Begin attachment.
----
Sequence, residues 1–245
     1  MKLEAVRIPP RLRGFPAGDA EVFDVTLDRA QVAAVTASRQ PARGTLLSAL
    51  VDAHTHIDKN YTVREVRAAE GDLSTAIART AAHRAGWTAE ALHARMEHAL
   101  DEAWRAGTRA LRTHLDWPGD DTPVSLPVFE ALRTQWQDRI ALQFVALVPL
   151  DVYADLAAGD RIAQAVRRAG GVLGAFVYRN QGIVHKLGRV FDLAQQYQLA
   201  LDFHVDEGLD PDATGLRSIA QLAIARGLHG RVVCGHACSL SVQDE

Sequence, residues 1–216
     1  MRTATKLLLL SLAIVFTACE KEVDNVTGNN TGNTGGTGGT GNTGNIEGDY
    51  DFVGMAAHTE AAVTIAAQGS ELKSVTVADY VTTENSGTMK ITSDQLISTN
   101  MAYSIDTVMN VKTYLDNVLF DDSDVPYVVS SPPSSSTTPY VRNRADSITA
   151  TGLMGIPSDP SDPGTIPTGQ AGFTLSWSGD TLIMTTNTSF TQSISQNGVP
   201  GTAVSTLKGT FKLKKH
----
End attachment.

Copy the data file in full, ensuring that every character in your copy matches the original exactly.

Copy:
Sequence, residues 1–245
     1  MKLEAVRIPP RLRGFPAGDA EVFDVTLDRA QVAAVTASRQ PARGTLLSAL
    51  VDAHTHIDKN YTVREVRAAE GDLSTAIART AAHRAGWTAE ALHARMEHAL
   101  DEAWRAGTRA LRTHLDWPGD DTPVSLPVFE ALRTQWQDRI ALQFVALVPL
   151  DVYADLAAGD RIAQAVRRAG GVLGAFVYRN QGIVHKLGRV FDLAQQYQLA
   201  LDFHVDEGLD PDATGLRSIA QLAIARGLHG RVVCGHACSL SVQDE

Sequence, residues 1–216
     1  MRTATKLLLL SLAIVFTACE KEVDNVTGNN TGNTGGTGGT GNTGNIEGDY
    51  DFVGMAAHTE AAVTIAAQGS ELKSVTVADY VTTENSGTMK ITSDQLISTN
   101  MAYSIDTVMN VKTYLDNVLF DDSDVPYVVS SPPSSSTTPY VRNRADSITA
   151  TGLMGIPSDP SDPGTIPTGQ AGFTLSWSGD TLIMTTNTSF TQSISQNGVP
   201  GTAVSTLKGT FKLKKH